** To my surprise, Japan wasn't that expensive. It's possible to spend money, I'm sure, but you can also eat a good meal on a budget. In Osaka, especially, there were tons of options for lunch for 500 yen (about 5,000 won). We had hotels in downtown Kyoto and Osaka for roughly 80,000 won. More expensive than a Korean love motel, sure, but even cheaper than what you'd pay for a tourist hotel in Jeollanam-do. Where the money does add up quickly, though is with transportation, but as somebody from the United States, I'm used to paying for food, transportation, and accommodation. I recently looked into booking a room near my alma mater for next month, and was surprised to see that rooms in this rural Pennsylvania town are between $100 and $130 a night.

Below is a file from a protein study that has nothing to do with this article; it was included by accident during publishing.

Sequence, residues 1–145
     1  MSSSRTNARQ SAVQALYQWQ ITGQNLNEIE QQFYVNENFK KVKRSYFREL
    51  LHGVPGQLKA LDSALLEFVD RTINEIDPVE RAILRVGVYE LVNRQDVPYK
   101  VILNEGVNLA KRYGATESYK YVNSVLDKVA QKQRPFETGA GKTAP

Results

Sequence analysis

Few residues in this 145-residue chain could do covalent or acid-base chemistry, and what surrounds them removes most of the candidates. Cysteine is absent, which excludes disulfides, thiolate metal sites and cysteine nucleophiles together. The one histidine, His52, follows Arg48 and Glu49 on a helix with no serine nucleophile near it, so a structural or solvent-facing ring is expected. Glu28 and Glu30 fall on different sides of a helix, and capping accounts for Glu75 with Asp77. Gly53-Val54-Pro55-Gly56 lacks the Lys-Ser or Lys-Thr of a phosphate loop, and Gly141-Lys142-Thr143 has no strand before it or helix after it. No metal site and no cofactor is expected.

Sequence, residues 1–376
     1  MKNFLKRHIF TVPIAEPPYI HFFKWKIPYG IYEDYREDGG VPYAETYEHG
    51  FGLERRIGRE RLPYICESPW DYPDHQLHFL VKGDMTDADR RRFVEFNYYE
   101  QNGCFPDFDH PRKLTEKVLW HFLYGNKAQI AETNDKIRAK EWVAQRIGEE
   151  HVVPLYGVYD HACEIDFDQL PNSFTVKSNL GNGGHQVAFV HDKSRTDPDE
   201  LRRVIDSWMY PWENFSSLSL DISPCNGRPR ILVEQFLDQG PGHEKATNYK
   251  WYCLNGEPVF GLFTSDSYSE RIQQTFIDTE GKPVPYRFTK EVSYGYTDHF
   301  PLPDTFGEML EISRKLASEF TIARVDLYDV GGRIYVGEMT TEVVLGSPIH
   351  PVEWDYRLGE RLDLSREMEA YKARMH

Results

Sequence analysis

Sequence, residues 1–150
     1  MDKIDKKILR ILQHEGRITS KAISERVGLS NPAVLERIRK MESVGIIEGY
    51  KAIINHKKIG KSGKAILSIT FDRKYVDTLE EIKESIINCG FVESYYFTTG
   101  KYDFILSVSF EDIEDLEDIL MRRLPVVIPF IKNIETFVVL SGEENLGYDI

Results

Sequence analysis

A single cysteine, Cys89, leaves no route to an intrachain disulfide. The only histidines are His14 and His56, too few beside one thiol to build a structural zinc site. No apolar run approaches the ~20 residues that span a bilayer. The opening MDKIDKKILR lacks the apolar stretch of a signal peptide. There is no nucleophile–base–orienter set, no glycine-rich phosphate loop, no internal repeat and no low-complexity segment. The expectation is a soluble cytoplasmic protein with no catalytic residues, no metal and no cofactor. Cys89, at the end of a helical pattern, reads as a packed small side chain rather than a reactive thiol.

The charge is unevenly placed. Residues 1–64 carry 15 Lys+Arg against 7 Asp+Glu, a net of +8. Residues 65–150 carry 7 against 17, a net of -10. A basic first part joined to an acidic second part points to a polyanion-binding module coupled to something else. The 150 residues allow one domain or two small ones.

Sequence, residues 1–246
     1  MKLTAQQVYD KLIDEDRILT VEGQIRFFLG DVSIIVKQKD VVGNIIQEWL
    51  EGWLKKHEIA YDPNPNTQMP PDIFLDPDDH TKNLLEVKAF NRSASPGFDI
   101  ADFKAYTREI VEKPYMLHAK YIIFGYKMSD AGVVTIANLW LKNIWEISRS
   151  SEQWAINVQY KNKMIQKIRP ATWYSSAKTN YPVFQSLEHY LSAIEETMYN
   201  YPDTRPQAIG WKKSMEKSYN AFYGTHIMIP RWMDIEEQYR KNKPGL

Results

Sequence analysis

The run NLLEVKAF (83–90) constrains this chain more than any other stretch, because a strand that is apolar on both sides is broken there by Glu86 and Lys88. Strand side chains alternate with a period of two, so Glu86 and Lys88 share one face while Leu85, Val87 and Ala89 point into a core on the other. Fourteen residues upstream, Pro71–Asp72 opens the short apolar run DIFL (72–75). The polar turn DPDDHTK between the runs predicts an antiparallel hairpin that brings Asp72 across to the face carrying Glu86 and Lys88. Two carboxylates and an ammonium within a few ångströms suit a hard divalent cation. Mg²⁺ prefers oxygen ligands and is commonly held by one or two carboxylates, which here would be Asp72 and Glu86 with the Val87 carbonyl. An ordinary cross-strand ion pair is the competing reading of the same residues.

** Both in the hotels and in her parents house I was surprised to see we had about seven channels on the television. I didn't go to Japan to watch TV, I'm just sayin'. In the morning I caught some of the morning talk shows, and the hot topic all week was Noriko Sakai, an actress who disappeared with her son after her husband was arrested for drugs.
Most media coverage painted her as an embarrassed victim of a bad husband, but things have changed since her husband told police that Noriko was also a drug user. Police have issued a warrant for her arrest, and the media has begun to air any bit of information they think might support the case against her.
Some of this information includes a tattoo on her ankle and a streak of color in her hair in a 2007 interview.